I’ve been obsessing, sifting through media reports to get last year’s count of tragic results from our mutual passion.
I do this because data summaries in this province are always years out of date. And they’re rubbish.
A solemn task, and not just a voyeuristic impulse, like the guy with the camera who has no business on scene, but intrudes, clicking away to satisfy his own ghoulish needs.
And a frustrating task, struggling with the reports themselves, because we’re often left with a limited sense of what actually happened.
More often than not, some banal comment about impairment not being a factor, or whatever.
Makes sense, though. There are obvious privacy issues, and sensitivity concerns, that I share. I apologize if it doesn’t seem like it. There are legal issues, insurance issues, you name it.
So we rarely get a comprehensive understanding of the who-what-when-how-why, except in the rare instance of published court proceedings.
Still, if we’re going to have any sort of useful discussion about rider safety that’s relevant to our local experience, we do need to know more than we’re told.
And the information sure isn’t coming from ICBC.
Their most current data summary, for 2019, does confirm what we were able to glean from the media survey for the year:
As usual, 13 fatalities in the Southern Interior region.
Once again, our area topped the provincial collision outcome severity rates. We didn’t crash more than riders in other areas, but the crashes were more often fatal.
Might want to read that last sentence again.
Now, the Southern Interior region is a vast territory, so to be specific:
Highway 97. From just north of Vernon, to Osoyoos. Even more specifically, from Peachland to Penticton. Apart from that, Highway 3 beyond Princeton. The Kamloops area, and the Salmon Arm-Sicamous area of Highway 1. Highway 33. Occasionally outside those corridors, but not concentrated in particular areas.
In terms of rider safety, we really are talking about some very identifiable sections of the main routes through the Thompson-Okanagan that have for years been very hazardous for motorcyclists.
You can see where this is going: just like with the COVID vaccination roll-out debates, there’s a pressing case to be made for targeted road safety measures specific to motorcycling in historically high-risk zones.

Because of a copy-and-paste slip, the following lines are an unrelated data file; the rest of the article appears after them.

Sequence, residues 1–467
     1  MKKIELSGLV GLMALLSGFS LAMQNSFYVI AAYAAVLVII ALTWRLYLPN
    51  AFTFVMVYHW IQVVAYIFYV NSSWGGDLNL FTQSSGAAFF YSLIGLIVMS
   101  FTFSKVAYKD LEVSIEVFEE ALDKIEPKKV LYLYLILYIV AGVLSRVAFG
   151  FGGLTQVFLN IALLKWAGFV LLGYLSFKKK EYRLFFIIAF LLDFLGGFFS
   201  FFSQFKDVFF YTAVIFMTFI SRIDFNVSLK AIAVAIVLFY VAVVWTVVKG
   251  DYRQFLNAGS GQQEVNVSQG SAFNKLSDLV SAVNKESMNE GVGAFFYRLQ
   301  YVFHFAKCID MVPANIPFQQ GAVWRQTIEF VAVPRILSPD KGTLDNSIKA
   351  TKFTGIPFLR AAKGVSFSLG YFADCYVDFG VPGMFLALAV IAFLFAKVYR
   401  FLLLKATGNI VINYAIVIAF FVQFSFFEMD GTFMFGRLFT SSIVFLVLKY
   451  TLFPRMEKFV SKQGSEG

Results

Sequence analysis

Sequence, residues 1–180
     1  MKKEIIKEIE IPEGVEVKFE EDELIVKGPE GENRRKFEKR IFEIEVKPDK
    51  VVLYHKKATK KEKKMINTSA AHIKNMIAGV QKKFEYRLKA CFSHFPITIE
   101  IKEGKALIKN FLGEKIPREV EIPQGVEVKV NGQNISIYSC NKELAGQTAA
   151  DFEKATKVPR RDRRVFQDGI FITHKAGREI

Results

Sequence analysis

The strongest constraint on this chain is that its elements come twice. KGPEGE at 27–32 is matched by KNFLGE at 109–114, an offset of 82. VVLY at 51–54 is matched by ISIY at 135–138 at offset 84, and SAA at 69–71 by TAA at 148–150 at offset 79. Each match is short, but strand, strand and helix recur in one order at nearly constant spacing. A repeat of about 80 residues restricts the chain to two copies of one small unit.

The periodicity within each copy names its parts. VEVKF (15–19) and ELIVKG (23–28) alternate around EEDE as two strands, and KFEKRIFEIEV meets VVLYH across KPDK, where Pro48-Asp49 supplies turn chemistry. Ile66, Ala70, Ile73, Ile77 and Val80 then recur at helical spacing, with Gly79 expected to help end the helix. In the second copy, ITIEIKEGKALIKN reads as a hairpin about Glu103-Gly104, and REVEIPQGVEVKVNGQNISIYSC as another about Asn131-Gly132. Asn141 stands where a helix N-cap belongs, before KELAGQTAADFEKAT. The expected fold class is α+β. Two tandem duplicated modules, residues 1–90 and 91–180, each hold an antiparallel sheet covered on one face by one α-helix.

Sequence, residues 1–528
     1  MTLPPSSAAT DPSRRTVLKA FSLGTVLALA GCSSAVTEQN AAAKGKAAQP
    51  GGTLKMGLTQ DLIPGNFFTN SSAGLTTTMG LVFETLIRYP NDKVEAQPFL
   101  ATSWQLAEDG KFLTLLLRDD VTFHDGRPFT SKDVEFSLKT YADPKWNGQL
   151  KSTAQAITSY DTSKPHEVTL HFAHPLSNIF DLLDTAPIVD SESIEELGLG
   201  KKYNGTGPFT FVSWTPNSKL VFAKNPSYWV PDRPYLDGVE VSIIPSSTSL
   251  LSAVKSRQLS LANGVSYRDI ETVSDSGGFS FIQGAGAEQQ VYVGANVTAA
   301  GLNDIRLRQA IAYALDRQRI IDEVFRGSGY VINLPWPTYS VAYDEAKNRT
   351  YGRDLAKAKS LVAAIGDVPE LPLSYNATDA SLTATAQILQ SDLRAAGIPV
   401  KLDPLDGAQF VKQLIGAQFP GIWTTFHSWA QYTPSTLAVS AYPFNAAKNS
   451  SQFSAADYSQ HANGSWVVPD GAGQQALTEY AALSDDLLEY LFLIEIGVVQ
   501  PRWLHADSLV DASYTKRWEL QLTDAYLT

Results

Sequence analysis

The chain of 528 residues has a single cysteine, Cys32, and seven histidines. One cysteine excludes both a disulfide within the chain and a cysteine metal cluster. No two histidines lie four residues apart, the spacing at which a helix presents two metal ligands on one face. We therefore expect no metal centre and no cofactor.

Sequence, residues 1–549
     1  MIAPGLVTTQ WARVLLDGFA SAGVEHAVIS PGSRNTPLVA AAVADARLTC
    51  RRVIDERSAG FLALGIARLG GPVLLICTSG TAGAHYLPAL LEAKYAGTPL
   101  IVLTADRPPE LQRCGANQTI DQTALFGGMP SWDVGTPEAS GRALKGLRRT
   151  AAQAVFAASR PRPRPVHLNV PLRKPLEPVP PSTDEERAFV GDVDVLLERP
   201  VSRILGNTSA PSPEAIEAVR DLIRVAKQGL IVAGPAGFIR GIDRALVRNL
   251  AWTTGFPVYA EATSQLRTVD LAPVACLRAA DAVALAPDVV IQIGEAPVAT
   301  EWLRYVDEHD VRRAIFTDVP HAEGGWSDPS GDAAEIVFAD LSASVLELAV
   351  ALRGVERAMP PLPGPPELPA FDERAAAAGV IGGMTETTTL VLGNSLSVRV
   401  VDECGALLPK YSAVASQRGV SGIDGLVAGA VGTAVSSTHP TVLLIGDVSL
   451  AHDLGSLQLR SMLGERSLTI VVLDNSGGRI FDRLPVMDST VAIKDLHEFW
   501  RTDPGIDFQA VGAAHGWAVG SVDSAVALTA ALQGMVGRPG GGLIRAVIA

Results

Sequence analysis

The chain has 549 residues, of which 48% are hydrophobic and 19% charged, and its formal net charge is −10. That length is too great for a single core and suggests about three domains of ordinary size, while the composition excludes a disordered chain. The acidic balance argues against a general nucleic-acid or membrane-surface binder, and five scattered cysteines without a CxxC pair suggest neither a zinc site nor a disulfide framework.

How did last year compare? Did the outcomes support that case? Absolutely, they did.
Even though, for large chunks of the year, we weren’t supposed to be taking “non-essential trips” (almost the definition of motorcycling), we lost nine good souls in our region. Five of them on the Highway 97 corridor, as described.
Painfully, more women seem to be showing up in this ledger. I’ve written before on my growing concern about the specific safety issues for women who ride. Usually, those issues don’t seem reflected in the fatality rates.
During the past 10 years, the B.C Coroners Service has found that 91.3% of riders fatally injured were men, and only 8.7% were women, usually passengers.
Last year, in our area, make that 22%, riders, not passengers.
I’m worried about this becoming a trend. Even though the numbers are small, the change they represent is consistent with the changing demographic, and the limited amount of women-specific design incorporated to motorcyclist safety.
What else do we see in the reports?
We see the White Bear.
Dostoevsky apparently said it first: “Try to pose for yourself this task: not to think of a polar bear, and you will see that the cursed thing will come to mind every minute.”
That’s from Winter Notes on Summer Impressions, 1863, not that I’ve read them.
More recently, this has been studied as the problem of Rebound Effect Psychology, or Ironic Process Theory, but we get it.
The more you try to look away from something, or not think about it, the more you wind up looking at or thinking about just that, overwhelmingly.
We also call this “target fixation” sometimes, in Rider Theory.
On the Okanagan roads last year, this looks to have cost lives two different, but critically related ways.
First, riders crashed into vehicles in their path, or near it. Too often, as described in most rider training, this happens when riders are unable to avoid a hazard because they can’t direct their sight, thoughts, and actions anywhere but directly at that terrifying thing.
The White Bear.
“Look away, to stay away,” or “Look to safety, look to your out.” Easy for us instructors to say, but as the science tells us, extremely hard to actually do in the moment. Fear and resultant fixation are cruel and relentless masters.
Second, though, and important, The Bear invades the mind of people responsible for making our roads safer. In this case, try as they might, they cannot stop seeing motorcyclists as The Problem, and look instead at the roads.
In most fatal collisions here last year, and previous years, a simple centre divider on the roadway would have saved the rider.
We need a concentrated effort by decision makers to look away from riders, toward the needed safety measures for everyone.
This article is written by or on behalf of an outsourced columnist and does not necessarily reflect the views of Castanet.